Machines or free weights?

written by Philip Stefanov  |  JULY 27, 2021


Machines or free weights? Bench pressing or machine pressing? Squats or leg press? Dumbbell or machine curls?

Prevailing wisdom suggests that free weights are superior for muscle growth and strength gain. But is that genuinely the case? Previous research shows that free weights activate our muscles better than machines. A prime example is a study from 2009 in which free-weight squats caused a 43 percent higher EMG activity compared to the Smith machine (1).

So, there we have it. Free weights are better. Or are they?

It’s important to note that better muscle activation doesn’t mean superior growth. For instance, you might activate your quads better on a leg extension machine, but would this mean squats are inferior? I’d say no. Plus, gym progress depends on many factors, including training volume, effort, consistency, nutrition, and sleep quality.

To know for sure, we need more research that compares groups of people training with free weights or machines only. And even then, we have to deal with limitations like study design, how much effort subjects really put into their training, and their diet quality.

A 2020 study set out to compare free weights versus machines and their effects on muscle growth, strength, and free testosterone (2). Here is a quick breakdown:

  • The study had 46 subjects (26 women and 20 men)
  • Subjects were split into two groups: one training with machines, and one using free weights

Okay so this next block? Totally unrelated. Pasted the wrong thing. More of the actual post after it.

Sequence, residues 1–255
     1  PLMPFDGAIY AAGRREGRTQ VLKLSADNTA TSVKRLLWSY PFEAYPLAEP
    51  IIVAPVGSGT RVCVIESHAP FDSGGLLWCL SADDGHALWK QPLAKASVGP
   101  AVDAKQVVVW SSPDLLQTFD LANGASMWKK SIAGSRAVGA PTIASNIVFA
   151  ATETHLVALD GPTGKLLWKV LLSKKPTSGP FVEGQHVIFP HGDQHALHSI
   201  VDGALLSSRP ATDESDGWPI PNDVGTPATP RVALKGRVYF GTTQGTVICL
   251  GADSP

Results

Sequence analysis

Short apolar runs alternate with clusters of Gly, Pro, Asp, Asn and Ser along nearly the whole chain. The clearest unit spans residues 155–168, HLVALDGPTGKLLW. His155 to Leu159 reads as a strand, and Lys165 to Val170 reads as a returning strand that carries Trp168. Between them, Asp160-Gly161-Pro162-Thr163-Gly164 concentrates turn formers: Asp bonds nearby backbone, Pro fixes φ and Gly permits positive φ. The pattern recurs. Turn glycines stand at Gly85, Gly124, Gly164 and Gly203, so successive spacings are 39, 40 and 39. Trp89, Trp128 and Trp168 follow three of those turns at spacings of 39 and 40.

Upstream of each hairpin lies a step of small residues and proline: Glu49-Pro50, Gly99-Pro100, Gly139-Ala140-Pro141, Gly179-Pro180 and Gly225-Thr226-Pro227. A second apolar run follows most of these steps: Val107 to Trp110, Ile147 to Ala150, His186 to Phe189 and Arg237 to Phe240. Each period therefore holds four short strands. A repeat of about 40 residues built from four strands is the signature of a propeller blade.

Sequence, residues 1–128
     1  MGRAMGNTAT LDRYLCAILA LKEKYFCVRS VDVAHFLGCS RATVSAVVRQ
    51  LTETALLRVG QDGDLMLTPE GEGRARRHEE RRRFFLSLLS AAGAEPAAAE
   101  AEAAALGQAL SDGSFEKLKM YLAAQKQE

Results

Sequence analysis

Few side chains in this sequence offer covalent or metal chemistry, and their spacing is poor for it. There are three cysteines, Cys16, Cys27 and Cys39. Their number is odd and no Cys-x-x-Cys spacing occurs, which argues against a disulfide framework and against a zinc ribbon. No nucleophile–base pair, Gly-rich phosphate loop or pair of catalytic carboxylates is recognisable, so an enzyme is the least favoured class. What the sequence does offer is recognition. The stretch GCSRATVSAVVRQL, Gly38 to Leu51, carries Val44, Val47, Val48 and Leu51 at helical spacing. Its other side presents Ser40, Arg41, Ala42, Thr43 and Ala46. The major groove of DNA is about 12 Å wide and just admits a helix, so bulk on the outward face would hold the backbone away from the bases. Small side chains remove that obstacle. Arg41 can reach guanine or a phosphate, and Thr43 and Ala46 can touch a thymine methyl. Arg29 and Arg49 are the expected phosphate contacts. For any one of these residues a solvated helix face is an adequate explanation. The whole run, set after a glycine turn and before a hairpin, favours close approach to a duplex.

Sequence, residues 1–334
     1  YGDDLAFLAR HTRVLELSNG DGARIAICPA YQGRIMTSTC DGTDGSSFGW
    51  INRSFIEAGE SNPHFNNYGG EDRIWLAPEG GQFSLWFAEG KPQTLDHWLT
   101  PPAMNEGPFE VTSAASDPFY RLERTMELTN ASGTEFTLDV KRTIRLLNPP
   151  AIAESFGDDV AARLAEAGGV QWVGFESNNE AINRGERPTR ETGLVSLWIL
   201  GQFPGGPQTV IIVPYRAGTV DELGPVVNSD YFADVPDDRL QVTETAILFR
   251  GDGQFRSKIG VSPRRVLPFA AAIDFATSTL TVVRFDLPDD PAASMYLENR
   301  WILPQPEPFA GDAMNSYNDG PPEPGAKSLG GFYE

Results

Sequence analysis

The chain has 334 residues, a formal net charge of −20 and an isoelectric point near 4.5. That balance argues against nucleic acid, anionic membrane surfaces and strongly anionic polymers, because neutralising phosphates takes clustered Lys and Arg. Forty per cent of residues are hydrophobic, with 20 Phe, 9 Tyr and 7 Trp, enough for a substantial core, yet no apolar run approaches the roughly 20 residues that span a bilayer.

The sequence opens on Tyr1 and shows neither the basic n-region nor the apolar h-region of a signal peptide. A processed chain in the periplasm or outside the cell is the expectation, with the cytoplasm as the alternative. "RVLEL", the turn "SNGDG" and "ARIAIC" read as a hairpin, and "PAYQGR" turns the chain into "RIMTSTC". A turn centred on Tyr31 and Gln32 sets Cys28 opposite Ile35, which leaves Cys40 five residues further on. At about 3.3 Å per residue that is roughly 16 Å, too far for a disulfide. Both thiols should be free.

• Subjects trained each muscle group 2-3 times per week, doing 3-4 sets and between 4 and 10 repetitions
  • The study lasted for eight weeks

The results? Both groups of subjects gained similar amounts of muscle mass and strength, as measured at the start and finish of the trial.

What Does This Mean For Us?

Well, most notably, it means we can use machines and free weights to get stronger and build muscle. Of course, this makes sense because our muscles understand tension and wouldn’t go, “Uh-uh! I told you no more leg extensions! I refuse to grow.” So long as we push ourselves hard enough, do enough work, eat well, sleep, and stay consistent, we will improve in both cases.

What matters most is the context. For example:

1) What are your goals?

Do you train for general fitness, or do you aspire to build strength for a specific lift? If it’s the former, machine-based training will be more than enough. But if you want to bench press 300 pounds, you need to bench press more.

2) How well do you activate your muscles?

A friend of mine could never activate his chest with the regular bench. Somehow, despite trying different techniques, grip widths, and loads on the bar, his shoulders and triceps would always take over. Yet, when he sat down on the Hammer chest press machine, he trained his chest incredibly well.

So, it’s important to see what allows you to activate your muscles as best as possible.

3) Can you train pain-free?

I love chest dips. But each time I do them for a few weeks, I develop sternum pain. I’ve tried different dip bars and techniques, but nothing seems to work for me. So, despite dips being great, I rarely do them for more than a couple of weeks in a row.

If you find that a particular exercise causes you pain, what’s the point in doing it? Choose movements you feel confident in and those that allow you to train pain-free.

Plus, who says we need to limit ourselves to one or the other? Can we not barbell bench press and do machine dips after? Can we not squat and leg press in the same workout? Using different types of equipment can be incredibly beneficial for varying the stress on your joints and connective tissues. It’s also great for switching up the way you stimulate your muscles and can even result in better results over time.

Thank you for taking the time to read it. Until next week,
Philip

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